To call Prime Minister Stephen Harper’s mini cabinet shuffle this week a minor event is a bit of an understatement. The majority of cabinet-level decisions are made directly from the prime minister’s office, and the individual ministers’ roles are token at most.
The highest profile move was promoting former journalist Peter Kent to the role of environment minister, made available earlier this year with the exit from politics of former minister Jim Prentice, but Kent is not expected to make any bigger waves than disappointing predecessors like Rona Ambrose and John Baird. This government’s policy of waiting for the Americans to move on climate change continues to embarrass us on the international stage, but it will be interesting to see what happens now that the Obama administration seems to be taking aim at its country’s polluters.
Meanwhile, Diane Ablonczy replaces Kent as minister of state of foreign affairs, a department that could certainly use some help, and Ted Menzies has been promoted to minister of state of finance, which should amount to little more than a pay hike from his previous post of parliamentary secretary to finance. Newcomer Julian Fantino becomes minister of state for seniors, a plum job that was likely promised to him when he agreed to be a candidate in the recent Toronto byelection.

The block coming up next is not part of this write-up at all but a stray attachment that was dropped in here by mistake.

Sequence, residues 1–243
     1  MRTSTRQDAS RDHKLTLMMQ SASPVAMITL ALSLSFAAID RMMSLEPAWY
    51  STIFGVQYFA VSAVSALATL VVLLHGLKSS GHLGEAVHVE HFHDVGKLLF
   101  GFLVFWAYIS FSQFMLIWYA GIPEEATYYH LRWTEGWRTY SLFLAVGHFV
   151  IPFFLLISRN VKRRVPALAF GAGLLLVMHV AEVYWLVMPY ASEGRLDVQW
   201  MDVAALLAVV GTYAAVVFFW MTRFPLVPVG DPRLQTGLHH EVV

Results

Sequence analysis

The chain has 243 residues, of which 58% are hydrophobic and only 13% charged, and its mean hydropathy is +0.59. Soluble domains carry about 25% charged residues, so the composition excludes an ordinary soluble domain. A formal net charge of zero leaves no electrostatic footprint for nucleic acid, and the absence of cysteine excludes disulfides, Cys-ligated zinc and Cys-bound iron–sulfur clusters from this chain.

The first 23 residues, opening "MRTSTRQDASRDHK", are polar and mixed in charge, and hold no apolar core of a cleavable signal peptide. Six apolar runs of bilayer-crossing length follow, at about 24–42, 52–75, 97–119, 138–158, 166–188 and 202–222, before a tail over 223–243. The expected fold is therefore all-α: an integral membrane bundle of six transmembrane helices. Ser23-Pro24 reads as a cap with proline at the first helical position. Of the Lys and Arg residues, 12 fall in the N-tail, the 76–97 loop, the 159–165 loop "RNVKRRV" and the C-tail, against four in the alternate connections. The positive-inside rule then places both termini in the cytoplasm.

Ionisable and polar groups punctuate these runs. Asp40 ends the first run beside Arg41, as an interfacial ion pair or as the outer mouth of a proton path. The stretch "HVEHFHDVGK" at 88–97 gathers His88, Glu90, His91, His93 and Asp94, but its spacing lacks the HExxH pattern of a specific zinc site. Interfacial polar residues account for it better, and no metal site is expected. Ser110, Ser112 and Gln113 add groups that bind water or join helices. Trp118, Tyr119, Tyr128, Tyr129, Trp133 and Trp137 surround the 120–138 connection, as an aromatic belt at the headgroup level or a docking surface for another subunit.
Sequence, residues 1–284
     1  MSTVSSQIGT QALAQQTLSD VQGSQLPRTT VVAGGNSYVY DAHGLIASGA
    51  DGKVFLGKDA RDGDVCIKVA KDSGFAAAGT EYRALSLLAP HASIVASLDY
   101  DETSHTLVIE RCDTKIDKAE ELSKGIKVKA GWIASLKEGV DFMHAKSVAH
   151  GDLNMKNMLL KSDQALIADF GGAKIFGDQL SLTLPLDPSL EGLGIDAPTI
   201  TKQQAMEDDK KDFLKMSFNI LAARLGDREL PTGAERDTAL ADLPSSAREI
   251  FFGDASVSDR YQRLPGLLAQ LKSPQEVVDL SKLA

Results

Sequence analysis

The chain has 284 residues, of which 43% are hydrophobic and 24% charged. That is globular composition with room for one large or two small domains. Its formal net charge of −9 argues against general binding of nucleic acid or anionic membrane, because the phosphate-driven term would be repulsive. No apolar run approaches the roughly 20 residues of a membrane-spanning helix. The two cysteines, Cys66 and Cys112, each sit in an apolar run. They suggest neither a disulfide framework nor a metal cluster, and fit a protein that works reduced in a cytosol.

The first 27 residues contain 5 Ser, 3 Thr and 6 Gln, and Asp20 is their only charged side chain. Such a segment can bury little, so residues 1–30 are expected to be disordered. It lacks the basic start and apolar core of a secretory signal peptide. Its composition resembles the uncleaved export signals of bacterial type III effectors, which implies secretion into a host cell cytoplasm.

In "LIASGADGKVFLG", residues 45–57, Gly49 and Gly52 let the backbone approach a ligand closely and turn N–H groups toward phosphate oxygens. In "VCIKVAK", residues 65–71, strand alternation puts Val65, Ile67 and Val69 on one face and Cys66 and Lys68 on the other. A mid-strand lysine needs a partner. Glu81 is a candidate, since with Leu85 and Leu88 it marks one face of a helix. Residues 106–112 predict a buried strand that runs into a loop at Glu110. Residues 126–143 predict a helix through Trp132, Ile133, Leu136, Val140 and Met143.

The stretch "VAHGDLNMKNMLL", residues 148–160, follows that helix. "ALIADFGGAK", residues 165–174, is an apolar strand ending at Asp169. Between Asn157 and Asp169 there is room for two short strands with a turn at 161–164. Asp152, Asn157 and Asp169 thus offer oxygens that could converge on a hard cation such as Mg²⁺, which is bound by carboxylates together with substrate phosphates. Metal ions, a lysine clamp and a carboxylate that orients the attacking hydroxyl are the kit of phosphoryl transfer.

The shuffle doesn’t amount to a lot more than how it appears. The Ablonczy and Menzies appointments are rewards for loyal, competent service, while the Kent and Fantino appointments are an attempt to boost the government’s chances in the Toronto area. That might be a tough sell after the G-20 debacle and the long gun registry debate.
Whether or not this cabinet shuffle has any impact remains to be seen, but we should find out sooner rather than later. A spring election is appearing more and more likely.